The scenes at the Black Lives Matter protest in London of a police horse bolting riderless down Whitehall past the Cenotaph in terror while others came under attack with bicycles, flares, fireworks and other missiles was quite a poignant reminder of the war horses, and raises the question of whether they have enough protection under Finn’s law. Conservative MP Andrew Griffith thankfully responded to the issue by asking this question of Priti Patel in the House of Commons on Monday 8th. June, 2020:
“I am proud that it was a Conservative Government who introduced Finn’s law to protect our service animals. Will my right hon. Friend assure me that she will not rest until the minority of thugs involved in attacking the police horse, as well as, of course, our brave officers, are brought to justice?”
In response the Secretary of State for the Home Department said:
“My hon. Friend is absolutely right. What we witnessed at the weekend was utterly despicable. I look forward to visiting the mounted police section quite soon. I have had it with authority from the Metropolitan Police Commissioner that the injuries to the horse were mild, but importantly, she highlighted yet again how the acts of thuggery are disproportionate to not just police officers, but the animals”.
Coincidentally Finn’s Law or as it is formally named The Animal Welfare (Service Animals) Bill came into force exactly a year to the day these incidents occurred. It was named after a German Shepherd Dog that was stabbed chasing an offender and is designed to protect service animals. It was heralded as the answer to protect them but cannot be effective unless it is enforced stringently and greatly publicised to make possible offenders aware of the protection these animals have and the consequences of injuring them.
But there is also a great need for police horses and dogs to be treated in the same way as the officers when it comes to health and safety assessments of their use in each specific operation or situation. Obviously the real answer is not to use them in the first place. In this instance it did not seem sensible or safe for them to be utilised in a charge of the light brigade type onslaught in wet weather conditions to frighten and push a mob from the streets. I am surprised that horse charities and the RSPCA are not more vociferous over this issue. The incident received press coverage across the world which is not a particularly good UK animal welfare image.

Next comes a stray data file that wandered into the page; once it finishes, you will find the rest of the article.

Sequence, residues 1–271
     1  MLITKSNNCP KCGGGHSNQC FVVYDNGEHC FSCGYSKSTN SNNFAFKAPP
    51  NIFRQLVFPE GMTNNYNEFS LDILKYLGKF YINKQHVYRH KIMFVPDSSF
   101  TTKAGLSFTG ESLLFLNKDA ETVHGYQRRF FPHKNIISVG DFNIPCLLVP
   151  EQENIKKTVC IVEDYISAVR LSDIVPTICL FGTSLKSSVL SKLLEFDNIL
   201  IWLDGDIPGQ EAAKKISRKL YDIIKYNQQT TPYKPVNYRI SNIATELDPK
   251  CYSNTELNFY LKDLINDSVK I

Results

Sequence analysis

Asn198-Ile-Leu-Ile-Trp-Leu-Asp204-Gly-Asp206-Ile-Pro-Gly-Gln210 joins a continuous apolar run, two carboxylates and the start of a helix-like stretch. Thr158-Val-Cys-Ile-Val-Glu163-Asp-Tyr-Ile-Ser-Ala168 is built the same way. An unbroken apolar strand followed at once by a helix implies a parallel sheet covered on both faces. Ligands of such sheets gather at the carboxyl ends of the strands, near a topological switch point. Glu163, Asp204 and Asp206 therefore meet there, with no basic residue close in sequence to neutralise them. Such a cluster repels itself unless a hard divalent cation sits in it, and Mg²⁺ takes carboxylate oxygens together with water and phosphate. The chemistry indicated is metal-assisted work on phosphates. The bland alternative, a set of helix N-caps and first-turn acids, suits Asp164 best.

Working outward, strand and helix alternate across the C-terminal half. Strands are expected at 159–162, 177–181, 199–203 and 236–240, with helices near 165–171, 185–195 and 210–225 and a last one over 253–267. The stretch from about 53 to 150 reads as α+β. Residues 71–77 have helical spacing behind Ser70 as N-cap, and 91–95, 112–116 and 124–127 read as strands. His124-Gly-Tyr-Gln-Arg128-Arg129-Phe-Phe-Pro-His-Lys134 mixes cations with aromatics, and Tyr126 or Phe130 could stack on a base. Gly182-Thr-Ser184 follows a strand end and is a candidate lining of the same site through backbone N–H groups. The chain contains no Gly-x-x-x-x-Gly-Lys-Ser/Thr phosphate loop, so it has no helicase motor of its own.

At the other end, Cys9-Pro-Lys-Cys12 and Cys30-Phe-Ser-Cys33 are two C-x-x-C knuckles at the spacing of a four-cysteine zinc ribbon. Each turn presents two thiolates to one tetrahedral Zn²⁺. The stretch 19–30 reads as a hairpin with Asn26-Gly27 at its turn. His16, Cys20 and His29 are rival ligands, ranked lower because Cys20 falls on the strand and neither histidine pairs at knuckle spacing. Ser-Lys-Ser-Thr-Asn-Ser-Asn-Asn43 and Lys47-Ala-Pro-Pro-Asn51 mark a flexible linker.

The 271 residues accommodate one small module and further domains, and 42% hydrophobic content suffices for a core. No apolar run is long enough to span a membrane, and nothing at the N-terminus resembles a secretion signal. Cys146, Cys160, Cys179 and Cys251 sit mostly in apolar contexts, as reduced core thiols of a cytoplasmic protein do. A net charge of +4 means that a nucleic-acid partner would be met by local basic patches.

A horse’s role must be hazardous if it needs protective gear just like it’s human colleagues.
In this modern era of drunkeness and violence police horses and dogs are coming under increasing risk of being injured. Every football season horses supposedly there to protect citizens are injured and attacked by those they are there to protect. There is also the element that many people have no respect for animals as was obvious in an incident at a recent football match.
At the end of September 2019 at a Portsmouth – Southampton derby match, a 42 year old fan who surely should have known better, punched a police horse, ran away, was chased by the mounted officer and was arrested for animal cruelty and attempted criminal damage. The tragedy is that until he was chased by a dozen police officers he was finding the whole incident funny.See video.
In 2018, a police horse name “Morecombe” tragically died on Easter Monday while patrolling a League One football match between Blackpool and Fleetwood Town, having slipped while “responding to reports of disorder”. The Police rider was taken by air ambulance to hospital, but poor Morecombe was pronounced dead at the scene after falling on a metal pole which punctured his stomach.
We are now well into the 21st century, with the Police possessing high-tech equipment for every eventuality including tasers, pepper spray, stab vests, high performance cars, big red keys, helicopters and who knows what and yet police forces around the world still seem unable to combat crime or deal with disturbances without resorting to using horses on the front-line putting them at risk of injury and death.